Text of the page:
An item on GalleyCat asks the question, are e-books better suited to riding out the recession than paper books? The post mentions the recent round of layoffs and other grim news at various magazine and book publishers, and quotes a suggestion from Seth Godin, author of Tribes, on the HarperStudio blog that now is the time publishers should make e-books really cheap: "So you can decide to hassle your readers (oh, I mean your customers) and you can decide that a book on a Kindle SHOULD cost $15 because it replaces a $15 book, and if you do, we (the readers) will just walk away. Or, you could say, "if books on the Kindle were $1, perhaps we could create a vast audience of people who buy books like candy, all the time, and read more and don't pirate stuff cause it's convenient and cheap..." "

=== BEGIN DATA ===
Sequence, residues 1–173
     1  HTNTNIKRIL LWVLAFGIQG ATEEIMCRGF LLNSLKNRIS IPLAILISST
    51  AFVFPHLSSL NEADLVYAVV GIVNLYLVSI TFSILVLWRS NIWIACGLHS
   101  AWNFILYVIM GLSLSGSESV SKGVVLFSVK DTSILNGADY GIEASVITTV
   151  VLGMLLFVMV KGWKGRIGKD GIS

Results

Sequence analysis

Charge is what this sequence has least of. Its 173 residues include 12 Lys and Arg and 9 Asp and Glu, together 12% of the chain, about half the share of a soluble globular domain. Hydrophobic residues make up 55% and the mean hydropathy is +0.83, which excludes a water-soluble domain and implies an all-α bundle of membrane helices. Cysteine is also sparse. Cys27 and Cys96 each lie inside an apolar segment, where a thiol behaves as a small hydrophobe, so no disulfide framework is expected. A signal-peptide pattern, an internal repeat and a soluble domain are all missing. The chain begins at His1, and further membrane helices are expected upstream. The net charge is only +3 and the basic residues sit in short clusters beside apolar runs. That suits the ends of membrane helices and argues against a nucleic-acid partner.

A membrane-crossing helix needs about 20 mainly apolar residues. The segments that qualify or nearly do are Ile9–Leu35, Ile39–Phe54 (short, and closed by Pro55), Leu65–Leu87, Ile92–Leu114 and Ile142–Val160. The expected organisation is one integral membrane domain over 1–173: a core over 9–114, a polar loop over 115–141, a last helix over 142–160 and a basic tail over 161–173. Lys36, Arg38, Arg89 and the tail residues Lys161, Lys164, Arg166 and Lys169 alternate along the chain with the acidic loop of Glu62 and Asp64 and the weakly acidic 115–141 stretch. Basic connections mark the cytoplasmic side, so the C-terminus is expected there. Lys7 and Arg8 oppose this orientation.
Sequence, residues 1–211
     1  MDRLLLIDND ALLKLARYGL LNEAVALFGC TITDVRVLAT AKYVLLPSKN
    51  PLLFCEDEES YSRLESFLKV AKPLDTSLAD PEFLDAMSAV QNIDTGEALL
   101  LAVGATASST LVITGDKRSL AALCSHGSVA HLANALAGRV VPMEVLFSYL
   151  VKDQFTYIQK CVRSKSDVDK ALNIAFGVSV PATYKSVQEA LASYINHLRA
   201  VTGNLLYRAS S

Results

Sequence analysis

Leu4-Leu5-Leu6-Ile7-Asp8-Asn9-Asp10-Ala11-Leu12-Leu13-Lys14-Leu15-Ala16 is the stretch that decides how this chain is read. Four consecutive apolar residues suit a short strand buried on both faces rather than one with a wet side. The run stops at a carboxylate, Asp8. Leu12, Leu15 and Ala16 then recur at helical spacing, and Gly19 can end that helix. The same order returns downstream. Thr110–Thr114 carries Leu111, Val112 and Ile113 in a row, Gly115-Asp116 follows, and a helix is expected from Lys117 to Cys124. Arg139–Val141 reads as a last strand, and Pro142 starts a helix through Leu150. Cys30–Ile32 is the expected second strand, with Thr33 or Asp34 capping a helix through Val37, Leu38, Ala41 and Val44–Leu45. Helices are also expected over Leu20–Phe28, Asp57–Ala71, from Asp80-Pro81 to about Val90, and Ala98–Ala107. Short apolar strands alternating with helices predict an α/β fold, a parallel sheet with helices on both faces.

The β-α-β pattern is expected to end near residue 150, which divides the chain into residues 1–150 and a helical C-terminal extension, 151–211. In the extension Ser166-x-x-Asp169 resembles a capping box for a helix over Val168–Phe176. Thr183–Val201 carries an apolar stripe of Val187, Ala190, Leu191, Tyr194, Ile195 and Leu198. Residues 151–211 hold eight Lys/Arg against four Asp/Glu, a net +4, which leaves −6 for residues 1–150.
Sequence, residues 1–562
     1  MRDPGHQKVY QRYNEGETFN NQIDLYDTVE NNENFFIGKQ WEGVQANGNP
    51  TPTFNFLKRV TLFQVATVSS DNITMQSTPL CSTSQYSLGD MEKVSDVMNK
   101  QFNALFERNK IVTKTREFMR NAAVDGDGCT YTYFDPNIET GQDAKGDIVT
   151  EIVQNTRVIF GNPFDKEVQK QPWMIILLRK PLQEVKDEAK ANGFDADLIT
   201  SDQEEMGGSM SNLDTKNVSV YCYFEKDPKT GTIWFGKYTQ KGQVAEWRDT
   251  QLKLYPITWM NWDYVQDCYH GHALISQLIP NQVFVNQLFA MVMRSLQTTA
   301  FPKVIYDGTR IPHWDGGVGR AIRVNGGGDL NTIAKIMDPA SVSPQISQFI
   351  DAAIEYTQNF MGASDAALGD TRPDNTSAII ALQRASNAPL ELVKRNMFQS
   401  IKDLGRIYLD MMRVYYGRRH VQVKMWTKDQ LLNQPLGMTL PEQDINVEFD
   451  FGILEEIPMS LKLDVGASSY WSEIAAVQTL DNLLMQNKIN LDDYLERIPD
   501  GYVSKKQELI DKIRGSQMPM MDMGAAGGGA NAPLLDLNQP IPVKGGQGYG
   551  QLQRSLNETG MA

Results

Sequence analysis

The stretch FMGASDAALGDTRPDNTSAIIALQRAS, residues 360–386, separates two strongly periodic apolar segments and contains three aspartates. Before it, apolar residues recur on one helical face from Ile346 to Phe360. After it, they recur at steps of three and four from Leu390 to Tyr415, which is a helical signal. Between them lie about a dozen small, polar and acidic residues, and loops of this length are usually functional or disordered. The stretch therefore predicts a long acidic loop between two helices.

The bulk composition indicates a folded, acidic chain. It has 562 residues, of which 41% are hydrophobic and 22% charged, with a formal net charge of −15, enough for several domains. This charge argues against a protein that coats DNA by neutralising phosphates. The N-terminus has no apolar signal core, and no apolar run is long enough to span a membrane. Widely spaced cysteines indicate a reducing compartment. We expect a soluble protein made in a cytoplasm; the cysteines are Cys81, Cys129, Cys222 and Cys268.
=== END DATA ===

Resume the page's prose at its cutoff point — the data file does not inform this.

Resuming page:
Actually, plenty of Kindle books are only 99 cents. Those are the books that are out of copyright—Dickens, Austen, Tolstoy. If you've been dead long enough, your books are only a buck on a Kindle. I have bought several classics this way in the last 48 hours, some that I want to reread and some that I never got around to reading. And I do think that it's difficult stop myself from buying a book when it's that cheap. Interestingly, his book Tribes is $9.99 on Amazon's Kindle site.